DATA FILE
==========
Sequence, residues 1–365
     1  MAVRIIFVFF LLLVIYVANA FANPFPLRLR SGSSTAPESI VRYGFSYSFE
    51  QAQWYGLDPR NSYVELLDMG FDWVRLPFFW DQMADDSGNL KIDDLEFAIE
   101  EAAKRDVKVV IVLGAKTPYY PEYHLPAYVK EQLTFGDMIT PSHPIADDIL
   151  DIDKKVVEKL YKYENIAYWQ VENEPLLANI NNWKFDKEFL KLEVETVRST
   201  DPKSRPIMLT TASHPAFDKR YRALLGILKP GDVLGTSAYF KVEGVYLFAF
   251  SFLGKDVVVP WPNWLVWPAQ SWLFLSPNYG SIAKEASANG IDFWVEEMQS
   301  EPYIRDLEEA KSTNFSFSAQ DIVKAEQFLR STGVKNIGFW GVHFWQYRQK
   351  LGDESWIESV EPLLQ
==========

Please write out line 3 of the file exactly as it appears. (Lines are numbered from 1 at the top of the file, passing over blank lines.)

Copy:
    51  QAQWYGLDPR NSYVELLDMG FDWVRLPFFW DQMADDSGNL KIDDLEFAIE